hear the tale of Troy, and hung again on his lips.
For the next day, to divert her guest, the Queen
ordered a great hunt, and an army of beaters was sent to
scour the hills and drive in the game. At dawn a gallant
company—all the proud lords of Carthage and the
comrades of Æneas—gathered at the palace gates and
waited for the Queen. At length she descended from
her chamber, robed in gold and purple, and the long
cavalcade rode forth headed by Dido and Æneas. When
they reached the hills they scattered far and wide in the
ardor of the chase, and the royal pair found themselves
alone. On a sudden the heavens were darkened and the
rain descended in torrents, and Dido and Æneas betook
themselves for shelter to a mountain cave. Thus had
Juno planned it, for she hated the Trojans and would
have kept Æneas in Carthage. There, in the dark cavern,
the Trojan plighted his troth to the Carthaginian Queen.
That day the tide of death set in. The heavens thundered
and the mountain nymphs wailed over their bridal.
But the triumph of Juno was short-lived, for Jupiter,
from his throne on Olympus, beheld the founder of the
Roman race forgetful of his destiny and sunk in soft
dalliance. He called to him his son Mercury, and bade
him bind on his winged sandals, and bear to Carthage
this stern reproof: "Shame on thee, degenerate hero,
false to thy mother and thy son, thus sunk in luxury and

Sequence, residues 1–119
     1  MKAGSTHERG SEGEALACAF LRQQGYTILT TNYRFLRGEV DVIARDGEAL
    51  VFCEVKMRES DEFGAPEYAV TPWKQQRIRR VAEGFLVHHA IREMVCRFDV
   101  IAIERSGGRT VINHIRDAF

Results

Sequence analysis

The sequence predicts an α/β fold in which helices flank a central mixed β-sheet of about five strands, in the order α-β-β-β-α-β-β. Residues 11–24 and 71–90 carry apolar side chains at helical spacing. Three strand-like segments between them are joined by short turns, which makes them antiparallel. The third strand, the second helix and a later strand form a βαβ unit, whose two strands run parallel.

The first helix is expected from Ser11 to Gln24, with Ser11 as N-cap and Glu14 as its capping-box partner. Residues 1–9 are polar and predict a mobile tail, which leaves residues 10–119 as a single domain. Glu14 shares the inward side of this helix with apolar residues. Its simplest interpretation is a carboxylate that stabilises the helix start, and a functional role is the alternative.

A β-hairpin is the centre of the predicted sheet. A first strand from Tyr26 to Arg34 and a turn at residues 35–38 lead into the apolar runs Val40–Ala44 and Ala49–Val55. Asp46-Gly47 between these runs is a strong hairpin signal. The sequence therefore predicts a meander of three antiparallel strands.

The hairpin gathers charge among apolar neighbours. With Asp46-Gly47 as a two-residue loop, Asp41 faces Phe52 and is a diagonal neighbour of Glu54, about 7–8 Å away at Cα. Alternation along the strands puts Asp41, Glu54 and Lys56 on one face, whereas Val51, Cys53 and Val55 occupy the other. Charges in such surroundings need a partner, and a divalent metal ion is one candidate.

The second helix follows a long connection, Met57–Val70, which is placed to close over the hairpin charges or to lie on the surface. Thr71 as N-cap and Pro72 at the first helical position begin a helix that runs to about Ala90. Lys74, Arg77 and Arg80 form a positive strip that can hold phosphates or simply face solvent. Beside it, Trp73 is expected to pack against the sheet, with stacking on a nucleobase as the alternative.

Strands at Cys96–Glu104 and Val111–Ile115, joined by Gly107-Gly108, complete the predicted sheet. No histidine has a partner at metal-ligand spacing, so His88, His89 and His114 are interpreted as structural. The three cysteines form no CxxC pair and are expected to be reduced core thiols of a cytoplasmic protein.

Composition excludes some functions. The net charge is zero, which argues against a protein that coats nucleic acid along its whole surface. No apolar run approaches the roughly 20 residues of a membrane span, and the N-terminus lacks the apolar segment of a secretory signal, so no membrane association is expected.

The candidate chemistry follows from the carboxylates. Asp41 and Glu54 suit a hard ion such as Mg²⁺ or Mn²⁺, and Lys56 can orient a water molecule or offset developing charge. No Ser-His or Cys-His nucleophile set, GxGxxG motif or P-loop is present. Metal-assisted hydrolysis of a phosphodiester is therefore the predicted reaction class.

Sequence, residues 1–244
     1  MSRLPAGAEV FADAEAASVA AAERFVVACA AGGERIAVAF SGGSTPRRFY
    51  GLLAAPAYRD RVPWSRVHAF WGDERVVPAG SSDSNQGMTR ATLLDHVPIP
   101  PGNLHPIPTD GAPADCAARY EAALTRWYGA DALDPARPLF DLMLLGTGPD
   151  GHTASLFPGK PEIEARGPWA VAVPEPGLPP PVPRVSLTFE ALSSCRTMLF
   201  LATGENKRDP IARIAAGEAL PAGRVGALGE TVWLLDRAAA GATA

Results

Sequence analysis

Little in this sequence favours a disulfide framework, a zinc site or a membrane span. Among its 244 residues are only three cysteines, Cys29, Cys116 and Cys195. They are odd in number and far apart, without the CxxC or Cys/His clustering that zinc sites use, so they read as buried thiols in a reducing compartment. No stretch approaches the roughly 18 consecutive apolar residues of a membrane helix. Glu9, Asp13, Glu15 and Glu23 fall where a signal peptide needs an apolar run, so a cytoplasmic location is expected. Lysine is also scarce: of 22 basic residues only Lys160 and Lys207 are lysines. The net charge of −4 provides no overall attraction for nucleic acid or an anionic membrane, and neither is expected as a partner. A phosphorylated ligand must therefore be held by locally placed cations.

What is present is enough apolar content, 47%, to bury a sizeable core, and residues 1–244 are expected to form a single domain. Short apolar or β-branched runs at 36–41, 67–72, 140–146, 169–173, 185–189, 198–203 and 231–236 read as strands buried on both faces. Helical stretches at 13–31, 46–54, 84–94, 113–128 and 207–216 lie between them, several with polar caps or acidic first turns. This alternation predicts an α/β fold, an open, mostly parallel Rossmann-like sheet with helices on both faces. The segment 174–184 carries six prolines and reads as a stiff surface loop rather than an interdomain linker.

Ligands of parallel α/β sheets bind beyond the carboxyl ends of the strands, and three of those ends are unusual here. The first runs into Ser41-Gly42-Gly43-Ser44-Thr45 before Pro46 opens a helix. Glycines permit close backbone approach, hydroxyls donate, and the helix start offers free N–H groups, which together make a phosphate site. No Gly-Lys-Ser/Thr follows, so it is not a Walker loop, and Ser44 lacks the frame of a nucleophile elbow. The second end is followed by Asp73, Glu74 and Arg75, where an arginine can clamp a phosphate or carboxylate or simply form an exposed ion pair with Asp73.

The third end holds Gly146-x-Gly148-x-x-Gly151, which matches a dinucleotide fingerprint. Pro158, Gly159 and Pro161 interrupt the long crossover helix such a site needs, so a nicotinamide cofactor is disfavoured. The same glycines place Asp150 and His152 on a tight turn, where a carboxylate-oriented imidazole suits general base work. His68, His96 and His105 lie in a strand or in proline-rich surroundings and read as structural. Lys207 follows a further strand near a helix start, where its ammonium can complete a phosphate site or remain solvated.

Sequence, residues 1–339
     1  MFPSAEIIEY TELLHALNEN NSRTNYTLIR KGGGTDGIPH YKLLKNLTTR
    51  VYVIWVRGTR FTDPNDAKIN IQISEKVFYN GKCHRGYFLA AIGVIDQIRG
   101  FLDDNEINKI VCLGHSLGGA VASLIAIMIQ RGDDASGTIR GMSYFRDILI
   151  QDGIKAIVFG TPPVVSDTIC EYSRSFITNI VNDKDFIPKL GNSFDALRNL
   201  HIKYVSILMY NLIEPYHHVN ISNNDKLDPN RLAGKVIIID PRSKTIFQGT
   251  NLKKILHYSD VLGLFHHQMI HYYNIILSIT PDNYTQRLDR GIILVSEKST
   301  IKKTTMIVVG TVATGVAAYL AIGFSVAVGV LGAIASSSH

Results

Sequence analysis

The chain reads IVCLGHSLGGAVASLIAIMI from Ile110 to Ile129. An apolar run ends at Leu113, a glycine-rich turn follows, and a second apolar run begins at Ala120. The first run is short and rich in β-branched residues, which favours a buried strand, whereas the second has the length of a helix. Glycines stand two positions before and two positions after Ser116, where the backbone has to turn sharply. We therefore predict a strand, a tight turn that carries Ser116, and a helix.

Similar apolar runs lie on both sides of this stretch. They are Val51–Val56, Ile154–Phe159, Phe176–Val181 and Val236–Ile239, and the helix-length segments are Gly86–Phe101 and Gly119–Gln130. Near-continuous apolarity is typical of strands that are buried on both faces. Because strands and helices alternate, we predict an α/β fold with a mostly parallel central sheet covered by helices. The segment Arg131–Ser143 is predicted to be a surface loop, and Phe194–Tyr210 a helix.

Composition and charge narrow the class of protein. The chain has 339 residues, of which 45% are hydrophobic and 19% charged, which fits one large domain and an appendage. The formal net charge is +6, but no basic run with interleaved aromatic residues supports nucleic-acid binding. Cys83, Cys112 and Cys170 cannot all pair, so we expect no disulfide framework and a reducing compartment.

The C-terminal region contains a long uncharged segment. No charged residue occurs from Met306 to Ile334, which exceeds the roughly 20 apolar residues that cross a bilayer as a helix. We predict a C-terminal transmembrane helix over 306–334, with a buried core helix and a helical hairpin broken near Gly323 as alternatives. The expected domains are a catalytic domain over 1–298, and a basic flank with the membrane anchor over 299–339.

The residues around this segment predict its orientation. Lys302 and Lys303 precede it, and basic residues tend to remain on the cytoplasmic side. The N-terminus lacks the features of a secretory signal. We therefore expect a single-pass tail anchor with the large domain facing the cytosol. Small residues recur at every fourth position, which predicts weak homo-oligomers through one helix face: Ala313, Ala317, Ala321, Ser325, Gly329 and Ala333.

ease! Set sail and leave this fatal shore."
The heart of the hero, when he heard this message,
was torn in twain. How could he disobey the voice of
the god? How could he bring himself to desert the
Queen whose heart he had won, and break his troth?
But what were the closest of human ties when the
god had spoken? So he called to him his comrades and
bade them in secret make ready the ships for departure.
But lovers' ears are keen, and rumors of the preparation
reached the Queen in her palace. She raved
like a madwoman, and called down curses on the perjured
traitor. Grown calmer, she sought Æneas and,
with mingled reproaches and appeals to his pity, besought
him at least to delay his departure. The lover's
heart was touched, but the hero was unmoved; and with
the gentlest words he could frame, he told the Queen
that he had no choice but to follow his weird as Heaven
ordained. He could never forget her lovingkindness,
and would cherish her memory to his dying day.
Then the Queen knew that she was betrayed, and
flatteries and soft words served but to rekindle her rage.
She bade the perjured wretch begone; she cursed his
false gods and their lying message, and swore that she
would pursue him with black flames, and that after
death her ghost would haunt him in every place. This
said, she turned and left him, and he saw her nevermore.
Æneas would fain have stayed to calm her grief and
soothe her rage, but duty bade him go, and he urged on
his men to equip the fleet for departure. They, nothing
loath, set to, and the harbor was like an ant-hill, with the
sailors shaping new oars and loading the beached vessels.
Soon the black keels rode the waters all along the shore.
Dido, perceiving this from her tower, sent her sister Anna